Western SMEs often lack the resources to invest heavily in China and only have one chance to do it right. Reports have shown that almost half of start-up projects in China fail within the first two years. Therefore, it is not only extremely important for SMEs to be well prepared and select the right entry mode for China, but also to find a way to follow up and master the project once it’s started.

Here are some key recommendations for Western SMEs when considering a China venture:

  1. Stay in control: Whatever business model you choose, it is important that you permanently stay in control of what is happening in China, including intellectual property rights, management, finances, marketing, etc. Obviously there’s a good chance that it will be necessary to have a local partner (or partners) in China (for example distributors), but that doesn’t mean that you have to give away the control over your business.
  2. Localization: Even if you have been successful in any other market in the world, when outlining your strategy for China you need to completely reconsider your strategy and take into account the local situation in China, particular market requirements and any other local aspects. Simply copying your strategy for other markets to China does not guarantee success in China.
  3. Mitigate the risks: There are always risks when you enter an emerging and challenging market such as China. It’s important that you identify and analyse any possible risks, assess which risks you are willing to take and find ways to manage them. Ideally, you should choose a business model that offers the best prospects of success, limits the initial investment and minimizes risks.
  4. Flexibility: It is important that you remain flexible in your China business model at all times – even change it if necessary, learn from your experiences and adjust correspondingly. You should also be able to change your partner or add additional partners.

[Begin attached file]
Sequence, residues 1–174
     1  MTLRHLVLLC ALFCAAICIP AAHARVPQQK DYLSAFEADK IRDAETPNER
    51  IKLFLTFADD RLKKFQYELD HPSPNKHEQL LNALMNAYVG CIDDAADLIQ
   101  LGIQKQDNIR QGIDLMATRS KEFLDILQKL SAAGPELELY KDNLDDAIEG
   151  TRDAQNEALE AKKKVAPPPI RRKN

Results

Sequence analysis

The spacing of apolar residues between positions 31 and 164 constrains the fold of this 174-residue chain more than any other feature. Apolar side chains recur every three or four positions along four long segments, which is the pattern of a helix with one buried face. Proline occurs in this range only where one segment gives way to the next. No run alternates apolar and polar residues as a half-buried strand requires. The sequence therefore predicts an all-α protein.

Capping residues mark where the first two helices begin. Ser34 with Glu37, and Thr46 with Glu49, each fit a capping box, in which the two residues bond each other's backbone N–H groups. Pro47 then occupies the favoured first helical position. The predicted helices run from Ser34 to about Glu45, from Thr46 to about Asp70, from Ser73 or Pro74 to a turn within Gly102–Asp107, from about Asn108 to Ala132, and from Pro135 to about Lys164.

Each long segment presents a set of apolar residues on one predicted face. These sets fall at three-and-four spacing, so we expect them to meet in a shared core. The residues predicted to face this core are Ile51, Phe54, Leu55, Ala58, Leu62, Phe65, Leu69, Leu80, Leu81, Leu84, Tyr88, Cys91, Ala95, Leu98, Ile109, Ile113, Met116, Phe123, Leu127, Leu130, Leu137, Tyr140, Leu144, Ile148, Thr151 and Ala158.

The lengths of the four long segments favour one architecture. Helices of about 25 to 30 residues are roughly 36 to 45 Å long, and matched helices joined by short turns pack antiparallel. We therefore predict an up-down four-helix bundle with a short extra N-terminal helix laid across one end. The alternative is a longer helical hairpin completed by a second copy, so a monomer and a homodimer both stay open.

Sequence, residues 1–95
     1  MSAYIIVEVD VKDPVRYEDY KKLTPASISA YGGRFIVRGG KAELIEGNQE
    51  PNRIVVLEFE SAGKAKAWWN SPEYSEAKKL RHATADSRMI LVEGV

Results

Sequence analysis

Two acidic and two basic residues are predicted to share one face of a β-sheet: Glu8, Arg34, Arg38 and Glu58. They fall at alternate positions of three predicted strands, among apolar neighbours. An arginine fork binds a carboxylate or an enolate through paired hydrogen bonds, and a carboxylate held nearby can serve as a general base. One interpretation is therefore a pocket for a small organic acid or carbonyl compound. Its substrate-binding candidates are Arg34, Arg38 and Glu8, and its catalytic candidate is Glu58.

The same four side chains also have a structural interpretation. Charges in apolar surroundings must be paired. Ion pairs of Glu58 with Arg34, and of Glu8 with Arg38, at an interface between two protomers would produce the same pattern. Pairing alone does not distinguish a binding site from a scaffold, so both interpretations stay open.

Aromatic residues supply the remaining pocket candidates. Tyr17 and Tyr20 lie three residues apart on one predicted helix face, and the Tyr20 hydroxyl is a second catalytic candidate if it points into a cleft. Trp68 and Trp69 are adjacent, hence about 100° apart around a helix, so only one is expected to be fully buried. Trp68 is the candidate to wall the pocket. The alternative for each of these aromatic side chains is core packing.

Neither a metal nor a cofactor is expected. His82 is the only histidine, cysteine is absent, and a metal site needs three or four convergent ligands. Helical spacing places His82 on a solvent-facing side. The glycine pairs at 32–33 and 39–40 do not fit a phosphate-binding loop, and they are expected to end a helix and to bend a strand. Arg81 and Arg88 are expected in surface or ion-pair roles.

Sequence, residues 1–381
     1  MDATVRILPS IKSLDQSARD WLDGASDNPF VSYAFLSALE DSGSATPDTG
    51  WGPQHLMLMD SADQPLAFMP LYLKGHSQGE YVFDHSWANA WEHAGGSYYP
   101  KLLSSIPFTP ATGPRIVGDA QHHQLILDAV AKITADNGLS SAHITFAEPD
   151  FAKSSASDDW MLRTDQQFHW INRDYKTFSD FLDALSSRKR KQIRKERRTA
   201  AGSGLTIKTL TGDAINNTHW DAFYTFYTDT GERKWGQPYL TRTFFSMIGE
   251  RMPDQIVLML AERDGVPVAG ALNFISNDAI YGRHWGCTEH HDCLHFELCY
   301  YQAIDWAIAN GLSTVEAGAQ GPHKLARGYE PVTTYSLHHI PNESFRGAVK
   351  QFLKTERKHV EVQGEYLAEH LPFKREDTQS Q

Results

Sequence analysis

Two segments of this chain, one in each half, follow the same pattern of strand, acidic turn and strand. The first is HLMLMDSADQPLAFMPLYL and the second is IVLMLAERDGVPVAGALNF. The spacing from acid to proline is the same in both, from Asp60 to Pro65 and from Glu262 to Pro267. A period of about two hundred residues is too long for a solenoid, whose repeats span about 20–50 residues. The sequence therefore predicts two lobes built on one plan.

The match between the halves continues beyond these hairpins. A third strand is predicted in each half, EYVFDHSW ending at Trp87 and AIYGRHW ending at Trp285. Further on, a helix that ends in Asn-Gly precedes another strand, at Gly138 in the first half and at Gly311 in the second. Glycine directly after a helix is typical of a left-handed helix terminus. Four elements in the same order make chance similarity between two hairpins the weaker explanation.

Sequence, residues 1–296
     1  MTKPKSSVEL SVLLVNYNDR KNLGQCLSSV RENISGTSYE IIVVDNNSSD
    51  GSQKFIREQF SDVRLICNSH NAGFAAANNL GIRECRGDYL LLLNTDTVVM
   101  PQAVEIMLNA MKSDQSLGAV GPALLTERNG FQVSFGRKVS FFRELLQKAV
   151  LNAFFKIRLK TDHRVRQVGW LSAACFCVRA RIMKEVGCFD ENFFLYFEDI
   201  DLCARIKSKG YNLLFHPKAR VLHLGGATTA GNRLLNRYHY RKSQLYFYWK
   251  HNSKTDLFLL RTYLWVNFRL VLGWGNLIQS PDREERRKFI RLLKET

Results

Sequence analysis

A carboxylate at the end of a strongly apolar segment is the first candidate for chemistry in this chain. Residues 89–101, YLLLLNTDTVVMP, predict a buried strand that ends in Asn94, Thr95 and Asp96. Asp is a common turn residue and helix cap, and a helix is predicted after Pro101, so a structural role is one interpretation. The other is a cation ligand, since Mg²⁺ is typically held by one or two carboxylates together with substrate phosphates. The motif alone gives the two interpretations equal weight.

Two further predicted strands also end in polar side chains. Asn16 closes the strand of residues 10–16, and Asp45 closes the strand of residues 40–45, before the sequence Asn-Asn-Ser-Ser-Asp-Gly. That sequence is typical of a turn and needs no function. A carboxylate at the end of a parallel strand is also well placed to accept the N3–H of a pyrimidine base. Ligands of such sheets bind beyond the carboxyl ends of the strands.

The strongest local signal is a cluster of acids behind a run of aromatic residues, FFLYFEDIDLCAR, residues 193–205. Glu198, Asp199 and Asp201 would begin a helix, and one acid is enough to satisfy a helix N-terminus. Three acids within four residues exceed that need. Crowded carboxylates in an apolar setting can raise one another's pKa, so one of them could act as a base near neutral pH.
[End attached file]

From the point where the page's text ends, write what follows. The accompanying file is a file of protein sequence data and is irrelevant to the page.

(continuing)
5. Commitment: Maybe the most important factor for your success in China is the commitment of your entire organization to the China project. Merely starting the project and signing the contract with your Chinese partner, and then letting it advance, will unquestionably not work. You need to travel to China on a regular basis, build the relationship with your Chinese partner(s) and customers, get to know and closely monitor the market and follow up accordingly.
  6. Exit strategy: Although a business model will be chosen which generates the best possible chance of success, nevertheless, you should build in an exit strategy from the beginning. This will enable you to easily withdraw from China in case the project turns out to be unsuccessful (for whatever reason) or in case another opportunity becomes apparent.

As a final recommendation, staying away from China because of lack of knowledge and understanding or even anxiety about the Chinese market and Chinese business practices should not be an option. Unfortunately many Western SMEs often get lost in long decision processes and as a result lose opportunities in China. There are still huge opportunities in China for many Western SMEs with unique products or technologies. We highly suggest that you seek advice or assistance from China experts or advisors and other companies active in China.

Bart Horsten, 21.11.16